Hanging Over My Head

You’ve never seen someone this excited to not have walls, and it’s only because I’ve got ceilings!

In the bedrooms…


The bathrooms…

In the kitchen…


In fact the great room is the only room without ceilings for the moment. And let’s just say this was a lot smoother than the last time I tried to put drywall on the ceiling.

And let me tell you, something… I lied a little about not having any walls.


I’ve got one.

But don’t even get me started on what’s going on with the doors.

10 Responses

  1. Looks great! What type of recessed lighting are you using? We’re getting some for our living room and I’ve been tasked with finding the “right light”. And, Neil didn’t like my idea of “something that isn’t ugly and works”. So, recommendations?

    1. I picked up a couple of contractors packs of 6″ recessed cans at Lowes! I think my one rule was that the trim had to be all white, not the white with black interior.

      For the vaulted ceiling we had to buy angle cans and I wanted a bronze trim so it wouldn’t stand out on the wood ceiling, but those four were twice as expensive as the other twelve we used. The best deal I found online was here: http://www.affordablequalitylighting.com

  2. I would seriously think of what kind of drywall you use in the bathroom and laundry room, and im my honest opition….the kitchen two around the dishwasher and sink zones….. Make sure you use moisture resistant drywall or a “dense Armour board” with mesh tap and mud. That way you never have to worry about mold if anything happens in these rooms in regards to moisture. everything else use standard drywall. Around fireplaces and stoves i use “type X” drywall as it is fire resistant.

    Just an idea.

    1. That’s interesting Dave – When I talked to the guy who is doing the drywall, he said that they hardly ever installed the greenboard (up here in mi?) and he didn’t recommend it.

      We didn’t have any hugely strong feelings one way or another (it may be too late as I expect they have quite a number of walls up while I’m typing this.

      You believe strongly in using it?

      1. I’m an Architect up here in Canada about 1 hour fron the new your state line….and Professionally yes i do believe strongly in using it for at least the bathroom. Mold and is a serious health issue and the worst part of it is that you don’t know you have a problem till your already getting sick from it and not even know why. Lets put it this way I’d rather be safe then sorry for the extra $2.50 Canadian it costs here a sheet to have piece of mind.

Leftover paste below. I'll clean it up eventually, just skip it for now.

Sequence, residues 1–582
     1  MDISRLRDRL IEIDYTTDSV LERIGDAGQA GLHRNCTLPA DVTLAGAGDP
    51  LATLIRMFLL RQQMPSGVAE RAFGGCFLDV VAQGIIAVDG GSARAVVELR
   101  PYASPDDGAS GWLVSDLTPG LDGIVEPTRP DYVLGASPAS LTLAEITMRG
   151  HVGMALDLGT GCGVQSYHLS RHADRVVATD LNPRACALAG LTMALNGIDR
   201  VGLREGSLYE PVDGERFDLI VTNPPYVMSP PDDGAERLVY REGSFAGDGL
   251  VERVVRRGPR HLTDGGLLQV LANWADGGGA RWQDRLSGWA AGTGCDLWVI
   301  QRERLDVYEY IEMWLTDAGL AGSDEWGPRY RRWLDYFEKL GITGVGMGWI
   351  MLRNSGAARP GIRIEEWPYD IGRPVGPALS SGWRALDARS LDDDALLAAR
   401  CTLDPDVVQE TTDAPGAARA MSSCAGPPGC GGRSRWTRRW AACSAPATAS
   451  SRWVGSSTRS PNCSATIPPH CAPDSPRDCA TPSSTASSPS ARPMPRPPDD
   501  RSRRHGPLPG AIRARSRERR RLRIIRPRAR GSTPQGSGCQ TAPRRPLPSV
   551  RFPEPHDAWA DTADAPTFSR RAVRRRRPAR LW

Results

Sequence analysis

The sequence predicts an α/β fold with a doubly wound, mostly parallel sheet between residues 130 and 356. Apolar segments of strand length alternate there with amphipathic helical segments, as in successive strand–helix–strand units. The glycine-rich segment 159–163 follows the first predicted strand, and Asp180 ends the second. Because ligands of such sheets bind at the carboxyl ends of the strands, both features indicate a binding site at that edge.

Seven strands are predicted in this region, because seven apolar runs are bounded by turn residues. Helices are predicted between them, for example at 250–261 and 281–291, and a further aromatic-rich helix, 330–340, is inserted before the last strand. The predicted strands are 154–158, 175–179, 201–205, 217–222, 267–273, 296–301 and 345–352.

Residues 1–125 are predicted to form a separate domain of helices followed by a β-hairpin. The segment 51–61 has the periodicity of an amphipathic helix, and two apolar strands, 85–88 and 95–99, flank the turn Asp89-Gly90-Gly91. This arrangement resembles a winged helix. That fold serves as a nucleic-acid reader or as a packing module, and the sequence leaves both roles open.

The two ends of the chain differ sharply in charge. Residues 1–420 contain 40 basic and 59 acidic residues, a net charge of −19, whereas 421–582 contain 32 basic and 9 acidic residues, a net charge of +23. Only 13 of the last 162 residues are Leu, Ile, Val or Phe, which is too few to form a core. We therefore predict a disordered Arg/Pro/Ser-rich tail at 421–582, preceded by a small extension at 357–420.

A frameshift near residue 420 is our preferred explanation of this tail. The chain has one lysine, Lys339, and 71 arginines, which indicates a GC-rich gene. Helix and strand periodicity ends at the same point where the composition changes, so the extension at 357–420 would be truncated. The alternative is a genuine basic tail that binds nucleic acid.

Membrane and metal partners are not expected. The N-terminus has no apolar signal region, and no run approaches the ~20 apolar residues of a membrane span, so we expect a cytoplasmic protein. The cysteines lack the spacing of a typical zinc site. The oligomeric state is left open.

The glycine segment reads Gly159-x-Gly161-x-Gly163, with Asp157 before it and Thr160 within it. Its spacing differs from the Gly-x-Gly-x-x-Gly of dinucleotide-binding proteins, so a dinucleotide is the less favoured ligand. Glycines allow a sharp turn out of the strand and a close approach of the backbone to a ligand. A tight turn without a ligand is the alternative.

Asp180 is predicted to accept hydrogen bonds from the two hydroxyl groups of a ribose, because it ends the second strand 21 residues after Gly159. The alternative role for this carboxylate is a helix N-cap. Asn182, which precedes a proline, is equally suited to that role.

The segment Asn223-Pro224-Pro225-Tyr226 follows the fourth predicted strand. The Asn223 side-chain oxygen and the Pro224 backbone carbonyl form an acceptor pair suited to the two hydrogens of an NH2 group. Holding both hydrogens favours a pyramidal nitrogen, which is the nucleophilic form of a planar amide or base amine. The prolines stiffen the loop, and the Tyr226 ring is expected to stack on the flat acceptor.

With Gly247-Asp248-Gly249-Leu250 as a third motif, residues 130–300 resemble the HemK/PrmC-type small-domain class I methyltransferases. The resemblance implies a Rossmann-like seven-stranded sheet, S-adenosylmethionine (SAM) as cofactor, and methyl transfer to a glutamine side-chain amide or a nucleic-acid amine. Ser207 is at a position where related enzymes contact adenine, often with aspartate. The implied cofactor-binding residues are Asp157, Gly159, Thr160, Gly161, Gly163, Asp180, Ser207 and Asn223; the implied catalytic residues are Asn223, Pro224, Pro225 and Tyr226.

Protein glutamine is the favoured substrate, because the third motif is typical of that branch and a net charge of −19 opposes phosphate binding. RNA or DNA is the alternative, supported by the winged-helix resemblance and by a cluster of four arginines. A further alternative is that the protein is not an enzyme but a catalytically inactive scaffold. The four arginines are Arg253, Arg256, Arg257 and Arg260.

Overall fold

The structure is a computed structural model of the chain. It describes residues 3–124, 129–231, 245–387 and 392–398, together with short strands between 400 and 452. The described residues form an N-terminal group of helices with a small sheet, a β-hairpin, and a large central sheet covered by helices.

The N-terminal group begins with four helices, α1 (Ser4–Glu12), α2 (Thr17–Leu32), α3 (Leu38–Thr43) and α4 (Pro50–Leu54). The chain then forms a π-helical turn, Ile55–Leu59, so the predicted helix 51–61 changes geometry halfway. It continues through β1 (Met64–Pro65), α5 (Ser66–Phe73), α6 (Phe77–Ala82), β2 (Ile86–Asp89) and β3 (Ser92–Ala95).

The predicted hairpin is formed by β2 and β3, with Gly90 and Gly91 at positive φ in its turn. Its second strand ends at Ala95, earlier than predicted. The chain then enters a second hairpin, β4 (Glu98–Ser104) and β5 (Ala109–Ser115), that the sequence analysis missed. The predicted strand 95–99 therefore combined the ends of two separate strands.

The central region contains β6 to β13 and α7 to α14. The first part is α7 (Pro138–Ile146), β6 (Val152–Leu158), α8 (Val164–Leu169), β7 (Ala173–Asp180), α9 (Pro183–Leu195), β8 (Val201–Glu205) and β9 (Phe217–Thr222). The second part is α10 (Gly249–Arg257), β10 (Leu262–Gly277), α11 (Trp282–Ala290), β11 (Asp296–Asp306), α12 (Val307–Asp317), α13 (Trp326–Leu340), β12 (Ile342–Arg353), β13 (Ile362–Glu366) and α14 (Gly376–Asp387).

Personally, and i mean in my own house and through my personal experiences…If my wife can take a hot hot showers long enough and often enough that the constant steam causes growth on the surface of the paint every now and again near the corners closest to the shower ceiling where it meets the wall then I’ve got cause for concern.

        I have ripped out tons of residential and commercial builds for renovations only to find mold growing on the paper back of the gypsum board in typically “wet” areas. As a rule in architectural practice in Canada we always specify a moisture resistant board in wets areas. Since we Canadian architects take the same exams and use the same study material for obtaining our licenses as the American architects I can only assume this is just good practice.

  3. Thanks for a fresh dose of inspiration. I’m gearing up to tackle drywall myself, though it’s for a tiny 4-walled room, and just seeing your accomplishment gives me a little kick in the rear.

    1. I don’t want to mislead you Irina – I have put up my fair share of drywall (by myself even) and you can see all my tips and tricks here – But this bit of awesomeness was accomplished by two professionals in two days… it would have taken me two months to get all that ceiling board up, if not more. 😉

      I totally suggest starting on a tiny four-walled room!

      1. Have you ever heard of a product called Acoustiblok? It is a flexible material that is applied to the walls before installing the drywall. It is really great for solving soundproofing issues.

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